#52Ancestors in 52 Weeks: Flowers

The century plant, aka Agave Americana, blooms only rarely. My Mam-ma had one at her home in Midway, which is just east of Gulf Breeze, Florida. The plant grew by the front door of the cabin – the original cinder block house my grandparents, Hoyt and Willie Cook, built as a vacation home before they moved out to the beach permanently. Growing up, when I stepped out the front door of their brick clad home, the cabin was to my left. Sometimes when I would visit, I’d get the project of making flowers for the century plant.

To make blooms for a century plant, you need a Styrofoam egg carton or two. (Next time I get one, I’ll have to make some and take photos to illustrate this post.) Using scissors, separate the egg cups. Cut small triangles out of the sides of the cup, and you’ll see it starts to look like a flower.

The leaves of the century plant are long and sharp, sharp pointed. I don’t remember if we made little starter holes or slots in the flowers or if we just jabbed them on the ends. Either way, once they’re on, shove them down firmly. Spread the flowers around the leaves, and voila! Your century plant has flowers.

The color depends on the egg carton, of course. I think we’d usually work with three or four egg cartons. They came in pink, blue, yellow. The plant often ended up with multi-color blooms.

Century Plant (WikiMedia/Photo by Raul654)

Maybe someday I’ll come across a photo with that century plant and our homemade flowers on it. It’s one of those things that’s so everyday, I don’t think I ever thought to snap a picture. Here’s a photo of an unadorned century plant. Can you picture it with egg carton flowers?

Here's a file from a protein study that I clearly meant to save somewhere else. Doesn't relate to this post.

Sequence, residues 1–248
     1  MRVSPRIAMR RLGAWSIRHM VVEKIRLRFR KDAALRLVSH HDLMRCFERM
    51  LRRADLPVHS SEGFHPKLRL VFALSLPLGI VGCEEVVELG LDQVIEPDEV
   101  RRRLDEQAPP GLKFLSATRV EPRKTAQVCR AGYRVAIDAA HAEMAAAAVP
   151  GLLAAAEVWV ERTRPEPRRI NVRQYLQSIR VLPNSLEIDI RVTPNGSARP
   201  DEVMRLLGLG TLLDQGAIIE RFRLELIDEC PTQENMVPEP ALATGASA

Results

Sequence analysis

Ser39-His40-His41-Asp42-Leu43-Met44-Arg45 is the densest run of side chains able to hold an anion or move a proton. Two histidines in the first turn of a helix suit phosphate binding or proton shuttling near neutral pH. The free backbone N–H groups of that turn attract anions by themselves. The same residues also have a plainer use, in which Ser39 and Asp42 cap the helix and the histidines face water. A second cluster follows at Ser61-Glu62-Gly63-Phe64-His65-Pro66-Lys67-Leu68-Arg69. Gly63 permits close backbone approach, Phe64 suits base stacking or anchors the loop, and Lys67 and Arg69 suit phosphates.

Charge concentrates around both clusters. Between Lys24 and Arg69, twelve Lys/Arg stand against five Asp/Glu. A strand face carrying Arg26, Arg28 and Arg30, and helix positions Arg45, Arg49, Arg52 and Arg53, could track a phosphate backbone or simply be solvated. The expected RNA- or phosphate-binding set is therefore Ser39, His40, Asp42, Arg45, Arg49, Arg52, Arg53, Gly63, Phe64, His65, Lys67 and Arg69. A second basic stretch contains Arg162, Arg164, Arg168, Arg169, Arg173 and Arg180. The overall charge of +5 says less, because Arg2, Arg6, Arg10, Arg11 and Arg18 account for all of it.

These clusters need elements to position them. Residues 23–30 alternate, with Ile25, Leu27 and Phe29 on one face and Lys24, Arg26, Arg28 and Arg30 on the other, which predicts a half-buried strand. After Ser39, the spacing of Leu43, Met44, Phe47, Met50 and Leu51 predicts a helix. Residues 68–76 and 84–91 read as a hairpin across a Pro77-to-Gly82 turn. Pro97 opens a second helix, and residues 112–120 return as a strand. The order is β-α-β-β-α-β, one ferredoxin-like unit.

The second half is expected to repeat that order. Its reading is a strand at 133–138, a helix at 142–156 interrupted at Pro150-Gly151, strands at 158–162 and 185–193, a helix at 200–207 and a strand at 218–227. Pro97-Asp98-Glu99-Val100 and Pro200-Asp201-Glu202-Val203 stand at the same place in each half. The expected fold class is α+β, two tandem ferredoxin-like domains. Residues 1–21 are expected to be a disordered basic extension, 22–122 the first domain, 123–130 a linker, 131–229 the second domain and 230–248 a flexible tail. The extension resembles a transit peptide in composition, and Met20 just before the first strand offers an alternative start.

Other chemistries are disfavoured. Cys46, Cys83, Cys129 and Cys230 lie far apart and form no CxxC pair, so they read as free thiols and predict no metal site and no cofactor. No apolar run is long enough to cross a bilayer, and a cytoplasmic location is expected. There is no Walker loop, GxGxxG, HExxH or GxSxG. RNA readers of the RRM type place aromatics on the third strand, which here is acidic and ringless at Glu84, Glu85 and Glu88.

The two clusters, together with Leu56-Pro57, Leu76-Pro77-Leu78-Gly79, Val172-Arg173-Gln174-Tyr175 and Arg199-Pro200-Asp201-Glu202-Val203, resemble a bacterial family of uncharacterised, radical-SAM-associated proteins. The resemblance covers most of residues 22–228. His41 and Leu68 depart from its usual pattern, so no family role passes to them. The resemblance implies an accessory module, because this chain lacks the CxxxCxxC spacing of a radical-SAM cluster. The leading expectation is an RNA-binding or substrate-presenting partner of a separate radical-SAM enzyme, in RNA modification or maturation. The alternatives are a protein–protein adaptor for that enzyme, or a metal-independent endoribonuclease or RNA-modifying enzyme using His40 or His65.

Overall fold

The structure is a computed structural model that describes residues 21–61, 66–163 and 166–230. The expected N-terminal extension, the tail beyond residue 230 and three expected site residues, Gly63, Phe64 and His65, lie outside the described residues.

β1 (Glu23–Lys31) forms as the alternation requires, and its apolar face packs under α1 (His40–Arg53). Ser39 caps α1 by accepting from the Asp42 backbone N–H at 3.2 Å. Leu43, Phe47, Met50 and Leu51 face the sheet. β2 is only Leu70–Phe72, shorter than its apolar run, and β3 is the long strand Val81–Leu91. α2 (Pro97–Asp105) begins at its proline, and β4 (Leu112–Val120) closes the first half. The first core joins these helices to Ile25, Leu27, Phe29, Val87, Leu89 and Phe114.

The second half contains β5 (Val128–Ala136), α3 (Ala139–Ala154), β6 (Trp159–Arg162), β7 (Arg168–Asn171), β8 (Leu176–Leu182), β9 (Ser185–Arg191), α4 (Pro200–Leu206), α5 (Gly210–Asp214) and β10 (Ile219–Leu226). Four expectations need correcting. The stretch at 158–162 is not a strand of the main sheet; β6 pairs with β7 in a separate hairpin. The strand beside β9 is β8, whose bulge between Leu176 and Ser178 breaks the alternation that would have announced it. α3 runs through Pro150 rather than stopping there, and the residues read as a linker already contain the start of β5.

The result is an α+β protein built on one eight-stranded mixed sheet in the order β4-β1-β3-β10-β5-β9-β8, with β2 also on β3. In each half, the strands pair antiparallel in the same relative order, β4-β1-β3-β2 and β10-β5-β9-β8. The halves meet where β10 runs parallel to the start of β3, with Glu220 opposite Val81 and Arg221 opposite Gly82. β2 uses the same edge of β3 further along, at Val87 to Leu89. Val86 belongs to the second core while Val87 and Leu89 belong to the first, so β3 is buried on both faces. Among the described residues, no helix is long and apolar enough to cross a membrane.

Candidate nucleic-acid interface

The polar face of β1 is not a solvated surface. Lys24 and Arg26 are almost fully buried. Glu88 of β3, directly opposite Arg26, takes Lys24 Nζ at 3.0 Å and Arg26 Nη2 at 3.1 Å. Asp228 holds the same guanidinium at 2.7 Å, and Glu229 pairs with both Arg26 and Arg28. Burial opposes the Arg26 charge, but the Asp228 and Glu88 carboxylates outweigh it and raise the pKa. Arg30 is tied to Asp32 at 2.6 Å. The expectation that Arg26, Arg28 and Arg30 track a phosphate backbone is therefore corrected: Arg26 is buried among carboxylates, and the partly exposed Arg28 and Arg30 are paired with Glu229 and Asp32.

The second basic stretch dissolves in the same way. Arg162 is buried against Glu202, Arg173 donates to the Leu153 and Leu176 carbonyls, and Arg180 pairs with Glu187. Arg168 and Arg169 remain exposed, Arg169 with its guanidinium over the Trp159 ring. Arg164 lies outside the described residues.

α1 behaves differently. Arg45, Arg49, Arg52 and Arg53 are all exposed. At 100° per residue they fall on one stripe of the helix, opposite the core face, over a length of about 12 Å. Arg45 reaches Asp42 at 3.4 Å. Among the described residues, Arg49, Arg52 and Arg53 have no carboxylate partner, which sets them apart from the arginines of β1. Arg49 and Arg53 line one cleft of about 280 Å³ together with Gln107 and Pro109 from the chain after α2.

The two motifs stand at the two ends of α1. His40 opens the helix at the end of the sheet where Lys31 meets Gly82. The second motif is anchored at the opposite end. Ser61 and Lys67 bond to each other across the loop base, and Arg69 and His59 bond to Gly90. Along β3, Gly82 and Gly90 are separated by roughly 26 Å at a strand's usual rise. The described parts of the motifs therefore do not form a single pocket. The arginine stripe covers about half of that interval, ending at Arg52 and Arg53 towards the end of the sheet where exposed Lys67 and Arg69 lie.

About Taminar

When I grow up, I want to make movies and write books. Now in my 50s, I wonder if I'll ever really accomplish the dreams of my youth. I have made two short films, one for a college film-making class, the other for an MTV-sponsored contest. I have written short plays that have been produced, and a few short stories and reviews that have been published. I also perform and direct for community theatre. My working life has included stints in local TV news, public relations, retail management and cashier, and for a couple of years, I made the rides go at Walt Disney World. I have two cats and a husband.
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3 Responses to #52Ancestors in 52 Weeks: Flowers

  1. Pat Lowe says:

    Did you put on the flowers during spring or Easter or just anytime?
    We only had carboard egg cartons when I was young.

    • Taminar says:

      I don’t remember the flowers being confined to a particular season. Mam-ma and Pap-pa moved out to the beach while we were living in Scotland. We got back to Pensacola on Christmas Eve, 1971; I had just turned 6. I don’t know when the first time was I made the flowers. It may have been more towards the mid ’70s.

  2. Barb LaFara says:

    It’s fun to imagine children decorating an agave with egg-cup flowers. I had a century plant in my yard in Phoenix many years ago. It was sort of sad when it did send up its spike of flowers, since then it would collapse and die. But, it left behind ‘puppies’ to start the cycle over.

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